The Razor Edge Guide The Razor Edge guide clamps on the blade with four Allen screws and I find it inconvenient to use. Also I managed to grind away some of this guide when I tried it on diamond hones. If you find a Buck HoneMaster, buy it. It is a good guide but no longer made.

Unknown, Buck HoneMaster and Razor Edge guides. ROD-GUIDED STONE SYSTEMS

The Lansky rod-guided sharpening system has been the industry standard for years, with good reasons. Rod-guided systems have a rod on each stone that slides through a hole in the guide. This controls the angle and also prevents scratching the blade with the stone. Since the guide slides on the rod and not on the stone, a smaller stone is needed. Rod-guided systems sell in the $30 to $50 range, depending on the number and type of stones. A variety of stones are available, including ones for serrated blades. They will sharpen up to a 4 inch blade before you have to move the guide to a new position.

Lansky, GATCO and DMT rod guided systems. Rod-guided systems are available from Lansky, GATCO, DMT and others. The Lansky has an aluminum guide that goes from 13 to 25 degrees in 4 steps; each angle is 3 to 5 degrees lower than indicated. The GATCO guide is aluminum and reinforced plastic and goes from 17 to 34 degrees in 6 steps, each step is about 6 degrees greater than indicated. I prefer the GATCO to the Lansky because of the GATCO's larger stones and selection of angles. The DMT Aligner guide is all plastic, and goes from 12 to 35 degrees in 7 steps, which are not marked. With DMT hones, which I do not have, the Aligner would be the pick of the litter for this size of system.

The EdgePro Apex Sharpening System The class act in rod-guided systems is the EdgePro Apex Sharpening System. Ben Dale, the owner of EdgePro, has spared no expense in his pursuit of excellence in hand sharpening. The Apex is rugged and uses relatively large 1 x 6 inch aluminum oxide waterstones. The angle guide is continuously adjustable for any angle from 10 degrees to 35 degrees, with marks at 10, 15, 18, 21 and 25 degrees. My measurements confirmed that the marks were accurate. The Apex comes with a good instruction book.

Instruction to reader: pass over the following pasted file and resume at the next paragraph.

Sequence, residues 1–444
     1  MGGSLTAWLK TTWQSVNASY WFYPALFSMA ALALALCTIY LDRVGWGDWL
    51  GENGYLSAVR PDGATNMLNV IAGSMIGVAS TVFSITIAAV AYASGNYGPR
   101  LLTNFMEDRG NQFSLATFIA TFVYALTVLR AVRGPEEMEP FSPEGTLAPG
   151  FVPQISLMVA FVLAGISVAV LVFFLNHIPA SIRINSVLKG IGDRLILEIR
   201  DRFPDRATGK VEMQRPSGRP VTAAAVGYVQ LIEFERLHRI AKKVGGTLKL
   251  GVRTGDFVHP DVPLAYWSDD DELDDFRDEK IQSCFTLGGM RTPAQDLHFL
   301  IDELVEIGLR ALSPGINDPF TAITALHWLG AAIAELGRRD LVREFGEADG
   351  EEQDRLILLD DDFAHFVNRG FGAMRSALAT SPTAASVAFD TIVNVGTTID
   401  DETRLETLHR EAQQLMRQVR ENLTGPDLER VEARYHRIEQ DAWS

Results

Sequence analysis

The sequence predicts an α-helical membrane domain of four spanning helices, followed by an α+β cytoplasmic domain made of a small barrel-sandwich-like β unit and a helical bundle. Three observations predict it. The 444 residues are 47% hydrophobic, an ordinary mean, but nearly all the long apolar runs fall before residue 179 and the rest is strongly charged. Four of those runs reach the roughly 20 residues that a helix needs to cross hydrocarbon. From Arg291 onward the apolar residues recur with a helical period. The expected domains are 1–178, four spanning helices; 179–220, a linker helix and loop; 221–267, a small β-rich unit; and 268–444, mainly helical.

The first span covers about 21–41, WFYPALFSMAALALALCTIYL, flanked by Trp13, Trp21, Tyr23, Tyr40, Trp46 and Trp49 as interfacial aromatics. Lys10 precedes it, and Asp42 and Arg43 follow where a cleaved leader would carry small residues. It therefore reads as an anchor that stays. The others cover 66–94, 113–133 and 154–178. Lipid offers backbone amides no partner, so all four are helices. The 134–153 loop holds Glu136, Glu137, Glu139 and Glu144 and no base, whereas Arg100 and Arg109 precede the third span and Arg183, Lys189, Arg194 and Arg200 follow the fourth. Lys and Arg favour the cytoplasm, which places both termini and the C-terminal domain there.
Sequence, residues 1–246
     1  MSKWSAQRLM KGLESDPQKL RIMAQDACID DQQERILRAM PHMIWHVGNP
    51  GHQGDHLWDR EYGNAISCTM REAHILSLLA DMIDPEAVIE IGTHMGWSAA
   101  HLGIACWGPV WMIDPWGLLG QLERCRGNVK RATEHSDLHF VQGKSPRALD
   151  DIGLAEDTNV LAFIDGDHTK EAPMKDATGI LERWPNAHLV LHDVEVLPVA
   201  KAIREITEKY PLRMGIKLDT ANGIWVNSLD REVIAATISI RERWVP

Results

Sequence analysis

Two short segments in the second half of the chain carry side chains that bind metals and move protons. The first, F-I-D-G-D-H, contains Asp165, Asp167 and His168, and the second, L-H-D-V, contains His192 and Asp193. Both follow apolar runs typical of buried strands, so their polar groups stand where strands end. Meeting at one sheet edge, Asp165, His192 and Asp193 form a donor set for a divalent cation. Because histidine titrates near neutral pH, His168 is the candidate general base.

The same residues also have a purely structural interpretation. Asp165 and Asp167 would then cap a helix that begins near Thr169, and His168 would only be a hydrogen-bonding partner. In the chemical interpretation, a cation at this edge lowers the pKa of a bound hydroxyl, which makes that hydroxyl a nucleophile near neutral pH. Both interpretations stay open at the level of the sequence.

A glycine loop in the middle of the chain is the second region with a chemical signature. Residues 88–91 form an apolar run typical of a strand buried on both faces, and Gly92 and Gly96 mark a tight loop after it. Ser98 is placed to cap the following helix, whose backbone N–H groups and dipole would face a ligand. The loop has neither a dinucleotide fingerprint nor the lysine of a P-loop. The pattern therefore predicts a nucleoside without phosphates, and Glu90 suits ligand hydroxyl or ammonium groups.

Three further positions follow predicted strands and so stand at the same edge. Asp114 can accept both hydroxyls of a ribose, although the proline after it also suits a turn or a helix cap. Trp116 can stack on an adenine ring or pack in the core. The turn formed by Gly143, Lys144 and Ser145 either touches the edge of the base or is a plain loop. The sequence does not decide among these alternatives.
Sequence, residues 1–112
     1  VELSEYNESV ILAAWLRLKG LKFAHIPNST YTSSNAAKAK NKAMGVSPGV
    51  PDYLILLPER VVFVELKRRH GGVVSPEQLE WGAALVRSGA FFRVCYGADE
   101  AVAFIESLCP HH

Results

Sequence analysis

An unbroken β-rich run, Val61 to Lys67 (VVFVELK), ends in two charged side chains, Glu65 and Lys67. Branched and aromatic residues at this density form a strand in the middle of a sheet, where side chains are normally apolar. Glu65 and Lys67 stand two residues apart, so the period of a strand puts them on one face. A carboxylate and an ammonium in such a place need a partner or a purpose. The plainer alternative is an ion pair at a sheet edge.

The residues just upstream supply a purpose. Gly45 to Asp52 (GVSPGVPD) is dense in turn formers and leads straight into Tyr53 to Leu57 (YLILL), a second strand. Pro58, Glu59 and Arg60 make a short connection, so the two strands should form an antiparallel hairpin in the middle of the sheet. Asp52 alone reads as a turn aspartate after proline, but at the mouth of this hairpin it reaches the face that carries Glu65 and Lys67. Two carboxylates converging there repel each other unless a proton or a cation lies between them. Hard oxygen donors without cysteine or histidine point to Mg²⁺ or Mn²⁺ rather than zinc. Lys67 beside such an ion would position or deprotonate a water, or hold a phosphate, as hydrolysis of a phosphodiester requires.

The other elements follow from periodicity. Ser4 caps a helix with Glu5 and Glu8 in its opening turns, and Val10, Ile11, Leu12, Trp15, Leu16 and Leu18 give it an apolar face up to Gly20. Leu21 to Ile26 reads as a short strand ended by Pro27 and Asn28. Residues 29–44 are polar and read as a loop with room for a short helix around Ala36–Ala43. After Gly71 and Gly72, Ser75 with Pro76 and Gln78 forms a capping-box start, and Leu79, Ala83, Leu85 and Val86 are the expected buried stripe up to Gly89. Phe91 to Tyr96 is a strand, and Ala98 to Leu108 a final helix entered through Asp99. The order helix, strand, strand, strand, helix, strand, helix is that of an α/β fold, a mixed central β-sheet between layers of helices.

Footnotes: (1) The Razor Edge Book of Sharpening by John Juranitch (2) The Complete Guide to Sharpening by Leonard Lee

A PRIMER ON KNIFE SHARPENING Chapter 2


by Steve Bottorff, Member: Ohio Knifemakers Association color photographs by Carol Butz

CONTENTS
Crock Sticks Slot Gadgets Electric Sharpening Machines For Home Use

Recommended Books on Knife Sharpening

SUPPLIERS OF SHARPENING EQUIPMENT


CROCK STICKS Ceramic rod sharpeners, also known as crock sticks, are completely different than bench stones. The rods are held in a vee at a predetermined angle, and the blade is brought down against them in a slicing motion. You can manually make deviations from the set angle by tilting the blade.

Unfortunately most of these sharpeners come with only one grade of rods so they have limited use. An exception is the Tri-angle Sharpmaker from Spyderco. Their deluxe set comes with two pairs of ceramic rods, medium and fine, and a pair of medium diamond sleeves for pre-sharpening. A fishhook groove, a scissors position and a flat position extend the Tri-angle Sharpmaker for special uses. The Tri-angle Sharpmaker comes with a good instruction book.

Lansky makes a handy folding ceramic rod sharpener called Fold-A-Vee. It folds for easy carrying and features two angle settings for fillet and hunting knives. SLOT GADGETS There are a whole lot of gadgets on the market that promise easy sharpening. I have tried a lot of them in my quest. Theoretically with slot-type gadgets you just draw the knife through a slot a few times and it will be sharp. Many are worthless gimmicks, but some are worth considering. The most primitive type of slot gadgets uses a pair of tungsten carbide tool inserts set at an angle. A variation uses a set of overlapping carbide wheels. These literally scrape metal away from the edge, and leave a sharp, but somewhat ragged, edge. This type shapes the initial bevel but provides no way to hone or steel the edge. I bought one and it ended up in my junk box. Benefit from my experience and save your money. More refined slot gadgets use two sets of ceramic wheels or rods, one medium and one fine. This type hones well but is limited in its ability to sharpen. In the TwinSharp from J. A. Henckels these wheels are in the same slot. In theory you might use both in one pass, but in practice I found that changing your hand position changes which set of wheels contacts the blade. Knowing this, you can sharpen and hone separately. The TwinSharp is handy for touch-ups and I used it between regular sharpenings until I gave it to a friend.